Tuesday, July 24, 2007

Gulf Coast II

After spending our day in Veracruz, we headed about 30 kilometers to the north to a beach frequented by Mexican families from other parts of the country. The most unusual features were the sand dunes, which Nicole, having gone and "read" a "book", knew were five kilometers away. Five kilometers, said I? No way. Five kilometers later, we arrived, a bit footsore but happy to be there.


There were pieces of sand dollar strewn up and down the beach. When I went to the beach as a child, I always used to wonder how one particular uncle always managed to find whole sand dollars. I had never in my life found one, but I found one this weekend. I think I discovered the trick to the process: just walk far enough that no one else has picked them up first. Having found it, I became curious about what the animals is like when alive. As it happens, when swimming later on, I stepped on one out in the ocean. I picked it up, and then, having pulled it out of the water, discovered it was brown and covered with little spines. Having found this, I quickly threw it back. It's a strange animal: it seems like the "dollar" must make up 95+% of the mass, with a very tiny fleshy part inside.

The other area attraction were the ruins of Cempoala, the center of a local empire that Cortes encountered when he landed in this area. The buildings here are relatively modest, but 500 years ago, they were apparently covered in plaster, and one of Cortes' footmen mistook them for silver. Today, they are surrounded by farmland, mostly sugarcane, and indeed some of the buildings are fenced off, inaccessible, in the middle of people's fields.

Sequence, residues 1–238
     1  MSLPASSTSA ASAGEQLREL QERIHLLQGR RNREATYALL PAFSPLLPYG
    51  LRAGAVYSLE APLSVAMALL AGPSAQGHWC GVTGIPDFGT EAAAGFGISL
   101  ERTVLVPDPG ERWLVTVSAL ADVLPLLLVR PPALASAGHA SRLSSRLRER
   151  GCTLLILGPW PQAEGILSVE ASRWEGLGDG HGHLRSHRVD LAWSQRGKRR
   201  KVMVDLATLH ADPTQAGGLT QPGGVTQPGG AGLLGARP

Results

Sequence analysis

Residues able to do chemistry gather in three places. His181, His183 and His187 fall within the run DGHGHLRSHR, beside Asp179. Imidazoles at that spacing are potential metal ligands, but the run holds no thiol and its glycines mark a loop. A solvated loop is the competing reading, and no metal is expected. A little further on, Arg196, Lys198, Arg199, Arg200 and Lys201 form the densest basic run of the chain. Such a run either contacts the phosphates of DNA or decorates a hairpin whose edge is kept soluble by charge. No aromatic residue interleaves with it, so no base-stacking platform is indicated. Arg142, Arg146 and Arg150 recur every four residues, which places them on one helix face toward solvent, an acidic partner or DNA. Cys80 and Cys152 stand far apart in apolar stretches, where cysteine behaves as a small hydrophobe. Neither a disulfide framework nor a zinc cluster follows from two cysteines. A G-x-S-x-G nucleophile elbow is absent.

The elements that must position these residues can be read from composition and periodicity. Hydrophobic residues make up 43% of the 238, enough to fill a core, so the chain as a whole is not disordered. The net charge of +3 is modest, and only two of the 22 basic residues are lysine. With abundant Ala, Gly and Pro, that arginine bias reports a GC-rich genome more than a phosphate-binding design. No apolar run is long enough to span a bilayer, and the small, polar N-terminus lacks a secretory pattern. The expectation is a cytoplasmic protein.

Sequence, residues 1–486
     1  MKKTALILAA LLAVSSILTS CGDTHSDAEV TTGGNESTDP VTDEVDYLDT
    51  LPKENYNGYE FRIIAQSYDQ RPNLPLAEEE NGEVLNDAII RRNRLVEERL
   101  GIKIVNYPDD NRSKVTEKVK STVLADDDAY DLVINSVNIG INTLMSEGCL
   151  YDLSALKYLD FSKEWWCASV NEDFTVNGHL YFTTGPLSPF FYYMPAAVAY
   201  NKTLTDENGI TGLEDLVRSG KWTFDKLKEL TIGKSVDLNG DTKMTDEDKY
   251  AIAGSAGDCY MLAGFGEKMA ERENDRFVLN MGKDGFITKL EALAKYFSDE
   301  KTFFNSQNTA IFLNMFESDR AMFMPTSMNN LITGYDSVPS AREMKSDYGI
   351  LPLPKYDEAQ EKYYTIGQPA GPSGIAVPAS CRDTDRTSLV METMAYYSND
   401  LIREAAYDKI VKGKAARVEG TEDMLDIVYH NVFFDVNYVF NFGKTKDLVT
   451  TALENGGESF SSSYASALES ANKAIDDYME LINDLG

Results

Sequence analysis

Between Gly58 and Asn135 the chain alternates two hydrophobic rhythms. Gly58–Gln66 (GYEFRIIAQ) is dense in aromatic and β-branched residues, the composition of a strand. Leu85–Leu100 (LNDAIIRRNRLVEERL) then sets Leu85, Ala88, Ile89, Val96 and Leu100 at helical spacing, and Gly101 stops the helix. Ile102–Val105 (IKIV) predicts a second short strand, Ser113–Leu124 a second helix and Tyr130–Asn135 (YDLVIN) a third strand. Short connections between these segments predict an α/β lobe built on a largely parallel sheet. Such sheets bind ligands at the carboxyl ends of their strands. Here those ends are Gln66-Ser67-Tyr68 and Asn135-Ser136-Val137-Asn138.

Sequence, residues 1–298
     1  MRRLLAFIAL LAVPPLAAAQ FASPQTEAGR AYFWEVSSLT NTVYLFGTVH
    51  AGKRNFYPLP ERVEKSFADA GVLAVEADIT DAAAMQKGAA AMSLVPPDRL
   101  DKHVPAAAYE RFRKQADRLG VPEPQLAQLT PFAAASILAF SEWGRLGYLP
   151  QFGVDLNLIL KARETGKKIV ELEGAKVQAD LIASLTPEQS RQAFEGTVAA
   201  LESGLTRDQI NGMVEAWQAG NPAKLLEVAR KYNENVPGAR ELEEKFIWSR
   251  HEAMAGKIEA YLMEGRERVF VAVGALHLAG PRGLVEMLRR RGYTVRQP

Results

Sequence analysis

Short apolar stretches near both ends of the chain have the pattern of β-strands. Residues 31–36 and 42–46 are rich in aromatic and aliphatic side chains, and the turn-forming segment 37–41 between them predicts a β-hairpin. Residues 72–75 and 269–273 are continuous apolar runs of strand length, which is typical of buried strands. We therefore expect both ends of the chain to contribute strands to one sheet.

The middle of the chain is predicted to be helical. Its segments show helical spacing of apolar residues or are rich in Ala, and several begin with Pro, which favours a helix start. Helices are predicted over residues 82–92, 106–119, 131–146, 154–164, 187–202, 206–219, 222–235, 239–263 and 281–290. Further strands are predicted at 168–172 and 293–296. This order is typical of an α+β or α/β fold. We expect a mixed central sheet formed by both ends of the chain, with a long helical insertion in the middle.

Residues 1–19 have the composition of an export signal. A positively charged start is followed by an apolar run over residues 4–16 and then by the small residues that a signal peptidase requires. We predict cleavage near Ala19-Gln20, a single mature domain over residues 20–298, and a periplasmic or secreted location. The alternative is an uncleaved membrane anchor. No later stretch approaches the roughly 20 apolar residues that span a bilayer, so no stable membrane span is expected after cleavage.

4 comments:

Nicole said...

I will maintain that I did actually read a real book ... and I don't know what those quotation marks are attempting to insinuate.

It was a wonderful trip. Thanks for taking me to the beach, honey.

P said...

They are trying to insinuate that I didn't believe you when you said that they were 5km away, not that you hadn't read it. Just such a sensible thing to do, you know. "Reading."

Mary said...

Thanks for always teaching me something while I read your blog. I had 2 6 year olds over today and we looked at my shell collection, among many other activities like bead stringing, a makeshift musical ensemble, tinker toys, lincoln logs, etc. But, as I was dusting off the sand dollars on my bathroom ledge, I was wondering what more about them. Thanks for explaining the spines, and including the link.
---Good for Nicole for calling you on the quotation marks. I also was trying to figure out their implications. Was it that since it was possibly a tour book, she didn't have to actually read the whole thing? I suspect you weren't really doubting Nicole, but were doubting the info in the book. Beware ambiguous quotations. ;-)

P said...

Duly chastened! Sometimes the humor in a sentence that would be clear in conversation doesn't come through in print. It's something I should think about more.